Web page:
A young Mexican president assumes office and surprises the world, not least his own nation. He proposes unprecedented reforms that don’t just clash with the entrenched ideologies of his party, the ever-mighty PRI (Institutional Revolutionary Party), but also with some of the country’s most powerful interests: hitherto untouchable economic titans, union bosses, and local chieftains. International observers laud the potential of the reforms to make Mexico less corrupt, and more prosperous and just. But at home, the reforms are met with distrust and seen by many as just another ploy that will benefit the greedy elites who build fortunes on the backs of the poor. Analysts and academics take to opinion pages and talk shows to predict that the reforms will have devastating social effects. Leftists and nationalists alike equate the reforms with submission to yanqui imperialism. Businessmen, too, oppose the reforms, which will increase competition and thus threaten their firms’ market dominance. The reforms may promise hypothetical benefits in the long term, but in the short term they pose tangible costs to these disparate and politically influential groups.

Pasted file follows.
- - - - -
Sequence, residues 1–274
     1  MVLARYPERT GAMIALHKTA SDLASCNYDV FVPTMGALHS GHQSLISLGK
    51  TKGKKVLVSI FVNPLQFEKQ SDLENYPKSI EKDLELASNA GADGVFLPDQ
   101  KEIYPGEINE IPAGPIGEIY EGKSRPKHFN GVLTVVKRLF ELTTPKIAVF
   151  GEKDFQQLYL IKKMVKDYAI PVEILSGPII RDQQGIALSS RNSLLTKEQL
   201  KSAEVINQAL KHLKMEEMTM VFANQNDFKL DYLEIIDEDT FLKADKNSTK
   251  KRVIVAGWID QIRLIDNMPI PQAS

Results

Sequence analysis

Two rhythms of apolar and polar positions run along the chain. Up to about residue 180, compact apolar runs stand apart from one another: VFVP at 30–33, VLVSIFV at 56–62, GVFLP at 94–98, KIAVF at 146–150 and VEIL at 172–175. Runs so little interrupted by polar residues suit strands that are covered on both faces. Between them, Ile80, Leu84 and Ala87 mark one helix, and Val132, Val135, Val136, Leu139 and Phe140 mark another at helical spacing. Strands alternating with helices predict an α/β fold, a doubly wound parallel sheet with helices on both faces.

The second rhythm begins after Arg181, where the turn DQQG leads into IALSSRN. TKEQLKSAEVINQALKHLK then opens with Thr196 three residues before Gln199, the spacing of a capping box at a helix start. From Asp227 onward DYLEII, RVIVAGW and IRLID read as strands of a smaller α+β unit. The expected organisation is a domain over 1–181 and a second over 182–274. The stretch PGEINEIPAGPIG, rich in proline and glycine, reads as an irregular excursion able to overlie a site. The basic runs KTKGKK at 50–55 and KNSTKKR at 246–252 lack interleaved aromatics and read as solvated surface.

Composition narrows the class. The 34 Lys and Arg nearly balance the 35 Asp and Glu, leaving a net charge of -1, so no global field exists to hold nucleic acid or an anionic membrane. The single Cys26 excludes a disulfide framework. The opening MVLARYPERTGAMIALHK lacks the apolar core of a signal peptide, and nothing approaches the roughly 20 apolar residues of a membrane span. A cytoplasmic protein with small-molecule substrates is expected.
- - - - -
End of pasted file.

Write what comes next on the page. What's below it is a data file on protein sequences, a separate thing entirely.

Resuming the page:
This is exactly what happened two decades ago when then-President Carlos Salinas de Gortari liberalized Mexico’s closed, state-centered economy. And it’s happening again today to President Enrique Peña Nieto.
Ultimately, Salinas was able to defeat the opposition within and outside the PRI, ramming through an ambitious set of economic reforms that included a landmark free-trade agreement with the United States and Canada. While the result of that effort, NAFTA, has not been a panacea for Mexico’s problems—from poverty and inequality to mediocre economic growth—the country’s international trade has doubled and foreign investment relative to GDP has tripled since its implementation, and the agreement has surely boosted the country’s economic dynamism.